Posted On: Thursday, July 28th, 2011 at 3:26 pm
By Dr. R.J. Peters
The debate rages on…which is smarter, cats or dogs? It’s not that simple to answer, because it’s not really about only one kind of intelligence. Cats and dogs operate from completely different perspectives as they view the world in which they live and play, and sometimes work.
So, to compare a dog with a cat is to not ask the right question. One must consider each animal within the confines of its particular and specific environment based on breed, background and current situation. It’s difficult enough to compare breeds, but different species?
A cat may have an instinct that drives it to hide under things when sensing danger, while some dogs may become aggressive when sensing exactly the same perceived danger. For example, a cat may dive under a porch or the sofa when a strange person shows up, but a dog may either approach the new person with an invitation to play, or with a growl as a warning.
Dogs are bigger, or may think they are, and may feel comfortable, or driven, to move toward a potential danger. A cat, on the other hand, knows it’s small and vulnerable to larger beings who are physically capable of killing it. So, hiding is the better strategy.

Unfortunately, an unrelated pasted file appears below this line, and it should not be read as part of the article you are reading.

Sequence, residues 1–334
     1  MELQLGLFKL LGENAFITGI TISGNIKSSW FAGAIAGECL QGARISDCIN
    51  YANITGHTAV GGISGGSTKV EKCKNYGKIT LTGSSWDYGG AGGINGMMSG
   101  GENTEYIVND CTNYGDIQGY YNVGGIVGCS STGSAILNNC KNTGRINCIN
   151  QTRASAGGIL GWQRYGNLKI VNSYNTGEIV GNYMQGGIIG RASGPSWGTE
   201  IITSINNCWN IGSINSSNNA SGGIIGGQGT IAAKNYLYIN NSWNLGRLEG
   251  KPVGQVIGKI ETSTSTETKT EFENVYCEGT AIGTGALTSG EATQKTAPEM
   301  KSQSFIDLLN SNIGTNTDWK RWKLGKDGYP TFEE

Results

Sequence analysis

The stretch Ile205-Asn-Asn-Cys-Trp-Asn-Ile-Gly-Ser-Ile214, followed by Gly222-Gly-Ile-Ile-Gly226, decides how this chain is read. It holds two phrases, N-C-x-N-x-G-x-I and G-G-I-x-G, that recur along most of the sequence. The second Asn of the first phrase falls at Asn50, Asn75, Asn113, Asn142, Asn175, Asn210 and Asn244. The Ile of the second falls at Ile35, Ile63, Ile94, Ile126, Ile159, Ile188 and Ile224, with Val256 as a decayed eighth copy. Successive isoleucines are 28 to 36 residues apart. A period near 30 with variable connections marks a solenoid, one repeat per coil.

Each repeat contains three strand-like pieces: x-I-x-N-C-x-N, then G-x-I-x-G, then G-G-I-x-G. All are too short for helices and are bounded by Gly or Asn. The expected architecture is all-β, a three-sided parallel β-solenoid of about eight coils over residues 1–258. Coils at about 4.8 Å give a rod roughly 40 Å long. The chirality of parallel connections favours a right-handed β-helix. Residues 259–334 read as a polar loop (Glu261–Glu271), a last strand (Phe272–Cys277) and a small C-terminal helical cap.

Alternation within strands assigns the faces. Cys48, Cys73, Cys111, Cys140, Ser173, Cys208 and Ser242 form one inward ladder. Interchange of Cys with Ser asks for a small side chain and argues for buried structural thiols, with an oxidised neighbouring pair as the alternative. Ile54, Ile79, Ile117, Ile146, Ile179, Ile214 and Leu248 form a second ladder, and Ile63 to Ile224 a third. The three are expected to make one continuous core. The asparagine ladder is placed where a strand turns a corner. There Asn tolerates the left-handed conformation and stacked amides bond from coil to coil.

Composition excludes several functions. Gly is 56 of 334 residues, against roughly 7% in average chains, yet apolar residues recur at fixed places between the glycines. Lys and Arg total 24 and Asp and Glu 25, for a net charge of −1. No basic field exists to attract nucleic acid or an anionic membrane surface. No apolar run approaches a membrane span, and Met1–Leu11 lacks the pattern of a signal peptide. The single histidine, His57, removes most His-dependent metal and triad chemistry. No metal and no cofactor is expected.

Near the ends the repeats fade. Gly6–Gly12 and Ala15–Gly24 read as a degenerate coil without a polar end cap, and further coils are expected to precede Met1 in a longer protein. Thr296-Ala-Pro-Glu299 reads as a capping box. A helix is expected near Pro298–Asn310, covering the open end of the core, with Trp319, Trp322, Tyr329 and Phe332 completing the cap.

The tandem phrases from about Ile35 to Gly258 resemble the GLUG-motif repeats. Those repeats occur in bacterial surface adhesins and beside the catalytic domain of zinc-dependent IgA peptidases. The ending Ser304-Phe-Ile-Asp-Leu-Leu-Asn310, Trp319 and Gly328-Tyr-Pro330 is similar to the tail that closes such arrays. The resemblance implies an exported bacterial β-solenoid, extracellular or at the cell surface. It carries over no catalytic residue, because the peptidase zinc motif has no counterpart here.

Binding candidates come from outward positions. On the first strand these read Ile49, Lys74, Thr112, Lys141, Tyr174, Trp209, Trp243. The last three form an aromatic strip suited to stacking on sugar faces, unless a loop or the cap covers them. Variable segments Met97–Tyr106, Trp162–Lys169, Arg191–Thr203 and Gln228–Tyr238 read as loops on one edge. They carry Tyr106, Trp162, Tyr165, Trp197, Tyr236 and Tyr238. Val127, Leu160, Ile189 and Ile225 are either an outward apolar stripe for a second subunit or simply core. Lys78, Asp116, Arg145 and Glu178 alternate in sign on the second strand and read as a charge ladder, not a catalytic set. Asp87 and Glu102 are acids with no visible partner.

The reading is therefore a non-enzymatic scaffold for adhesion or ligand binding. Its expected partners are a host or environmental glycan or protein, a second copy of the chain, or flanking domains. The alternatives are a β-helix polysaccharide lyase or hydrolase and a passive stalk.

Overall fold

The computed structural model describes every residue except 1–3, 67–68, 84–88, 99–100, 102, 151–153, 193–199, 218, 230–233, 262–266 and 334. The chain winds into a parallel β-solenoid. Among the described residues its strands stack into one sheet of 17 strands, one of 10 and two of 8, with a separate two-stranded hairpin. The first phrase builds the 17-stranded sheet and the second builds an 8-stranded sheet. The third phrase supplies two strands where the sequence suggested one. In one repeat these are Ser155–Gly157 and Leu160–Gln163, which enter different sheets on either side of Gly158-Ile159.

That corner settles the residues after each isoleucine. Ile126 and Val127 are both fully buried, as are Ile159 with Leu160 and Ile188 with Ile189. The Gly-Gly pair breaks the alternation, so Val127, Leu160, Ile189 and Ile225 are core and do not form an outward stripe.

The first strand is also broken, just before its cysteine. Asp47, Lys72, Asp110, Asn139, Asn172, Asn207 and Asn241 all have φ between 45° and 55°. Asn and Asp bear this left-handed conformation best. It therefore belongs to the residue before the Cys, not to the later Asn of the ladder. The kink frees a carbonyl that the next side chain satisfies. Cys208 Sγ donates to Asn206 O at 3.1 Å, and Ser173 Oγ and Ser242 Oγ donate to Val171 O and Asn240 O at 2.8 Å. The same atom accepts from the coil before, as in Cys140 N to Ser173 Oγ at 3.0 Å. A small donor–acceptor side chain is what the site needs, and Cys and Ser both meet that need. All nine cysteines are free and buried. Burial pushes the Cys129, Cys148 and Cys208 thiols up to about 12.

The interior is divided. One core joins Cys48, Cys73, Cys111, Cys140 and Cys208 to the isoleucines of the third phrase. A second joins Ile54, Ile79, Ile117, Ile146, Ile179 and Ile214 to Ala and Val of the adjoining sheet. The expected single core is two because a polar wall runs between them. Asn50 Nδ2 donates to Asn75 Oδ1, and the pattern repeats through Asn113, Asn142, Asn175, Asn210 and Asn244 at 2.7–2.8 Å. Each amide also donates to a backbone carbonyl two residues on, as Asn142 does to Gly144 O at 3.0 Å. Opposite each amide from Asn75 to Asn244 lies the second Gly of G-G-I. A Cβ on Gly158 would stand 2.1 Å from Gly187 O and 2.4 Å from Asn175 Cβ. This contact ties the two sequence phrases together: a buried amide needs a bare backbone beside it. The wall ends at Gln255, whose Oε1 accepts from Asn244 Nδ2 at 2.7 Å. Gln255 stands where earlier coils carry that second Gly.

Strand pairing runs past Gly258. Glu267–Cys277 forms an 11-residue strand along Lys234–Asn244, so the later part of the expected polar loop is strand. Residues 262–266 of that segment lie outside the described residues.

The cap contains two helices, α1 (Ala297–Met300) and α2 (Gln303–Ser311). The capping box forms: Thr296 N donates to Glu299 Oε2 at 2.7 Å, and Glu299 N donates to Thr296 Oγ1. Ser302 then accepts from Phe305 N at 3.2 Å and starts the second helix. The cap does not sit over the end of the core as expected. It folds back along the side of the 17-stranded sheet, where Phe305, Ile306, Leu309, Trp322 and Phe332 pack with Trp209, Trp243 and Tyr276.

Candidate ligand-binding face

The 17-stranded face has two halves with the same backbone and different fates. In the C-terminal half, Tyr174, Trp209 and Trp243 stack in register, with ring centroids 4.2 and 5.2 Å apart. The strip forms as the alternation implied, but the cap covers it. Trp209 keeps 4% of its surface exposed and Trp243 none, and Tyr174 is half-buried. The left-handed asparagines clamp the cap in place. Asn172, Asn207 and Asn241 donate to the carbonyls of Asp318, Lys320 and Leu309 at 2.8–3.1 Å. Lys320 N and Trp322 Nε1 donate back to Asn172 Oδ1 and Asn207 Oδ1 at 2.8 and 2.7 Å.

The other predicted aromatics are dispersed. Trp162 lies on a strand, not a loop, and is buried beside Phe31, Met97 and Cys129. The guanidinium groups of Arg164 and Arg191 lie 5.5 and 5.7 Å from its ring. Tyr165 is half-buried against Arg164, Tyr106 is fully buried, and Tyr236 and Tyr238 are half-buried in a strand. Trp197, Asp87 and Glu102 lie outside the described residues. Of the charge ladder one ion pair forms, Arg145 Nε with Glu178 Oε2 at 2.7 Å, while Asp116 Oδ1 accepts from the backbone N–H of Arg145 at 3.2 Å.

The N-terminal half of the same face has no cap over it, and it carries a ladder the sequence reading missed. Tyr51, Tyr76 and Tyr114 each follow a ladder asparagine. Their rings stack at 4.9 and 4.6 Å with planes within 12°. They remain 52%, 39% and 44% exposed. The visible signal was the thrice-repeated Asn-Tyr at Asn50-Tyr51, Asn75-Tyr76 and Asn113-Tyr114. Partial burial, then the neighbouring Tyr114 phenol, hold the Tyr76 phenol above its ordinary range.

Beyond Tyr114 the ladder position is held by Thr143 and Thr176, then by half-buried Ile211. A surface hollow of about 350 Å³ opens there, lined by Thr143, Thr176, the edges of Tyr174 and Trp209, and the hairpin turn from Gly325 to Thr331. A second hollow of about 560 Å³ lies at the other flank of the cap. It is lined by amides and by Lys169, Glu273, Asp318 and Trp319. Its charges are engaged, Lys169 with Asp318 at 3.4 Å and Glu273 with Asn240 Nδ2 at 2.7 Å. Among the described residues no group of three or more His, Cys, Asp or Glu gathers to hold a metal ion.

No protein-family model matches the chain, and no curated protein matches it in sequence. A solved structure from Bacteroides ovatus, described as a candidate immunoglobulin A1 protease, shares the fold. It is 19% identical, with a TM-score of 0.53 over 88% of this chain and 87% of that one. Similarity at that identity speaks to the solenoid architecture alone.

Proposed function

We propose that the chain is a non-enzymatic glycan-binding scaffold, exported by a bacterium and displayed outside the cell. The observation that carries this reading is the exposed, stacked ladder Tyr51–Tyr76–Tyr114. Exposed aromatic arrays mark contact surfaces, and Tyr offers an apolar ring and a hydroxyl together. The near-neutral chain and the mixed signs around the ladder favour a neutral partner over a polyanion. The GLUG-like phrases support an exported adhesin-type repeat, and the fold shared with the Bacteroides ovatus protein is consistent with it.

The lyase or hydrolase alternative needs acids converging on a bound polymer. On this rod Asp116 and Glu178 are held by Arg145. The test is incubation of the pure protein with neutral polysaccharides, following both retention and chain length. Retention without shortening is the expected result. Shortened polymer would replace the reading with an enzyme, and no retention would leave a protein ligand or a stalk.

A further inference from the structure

Either approach can be thought of as intelligent, given the circumstances, instincts of the animal, and their obvious knowledge of what they need in order to survive another day.
Now, when you bring training into the picture, dogs are more easily trained by most people, but only because it’s a more familiar thing for people to do. It does not necessarily mean that dogs are smarter. The dog has been domesticated for a few thousand years longer than the cat. Thus, the difference in intelligence may be related more to the human factor than to the animal. Certainly, many cats have demonstrated they can be taught to perform many of the same tricks as dogs. It’s just not seen as commonly because humans who wish to train them must be on a cat’s wave length, not a dog’s.
If one considers the ability of each animal to initiate a purposeful action, such as alerting owners to a threat, like fire, smoke or intrusion, stories abound in the news about cats and dogs who saved an owner’s life. They just do these things in their own ways. A cat may tap his owner’s face with a paw to wake up and get out, and a dog may simply bark. The end result will be the same, but only if the owner can recognize the signal and act appropriately.
If we want to get technical, perhaps it is we who need to be analyzed for intelligence and how we interact with another species!
For more insights on how cats look at the world, visit this page on Feline Behavior.